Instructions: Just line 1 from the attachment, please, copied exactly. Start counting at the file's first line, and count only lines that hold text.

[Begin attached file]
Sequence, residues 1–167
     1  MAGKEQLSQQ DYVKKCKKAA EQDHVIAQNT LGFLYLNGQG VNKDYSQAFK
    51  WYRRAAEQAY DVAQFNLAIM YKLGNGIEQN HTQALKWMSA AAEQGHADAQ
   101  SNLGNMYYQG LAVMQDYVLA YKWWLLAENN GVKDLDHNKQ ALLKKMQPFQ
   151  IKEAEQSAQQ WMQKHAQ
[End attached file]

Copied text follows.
Sequence, residues 1–167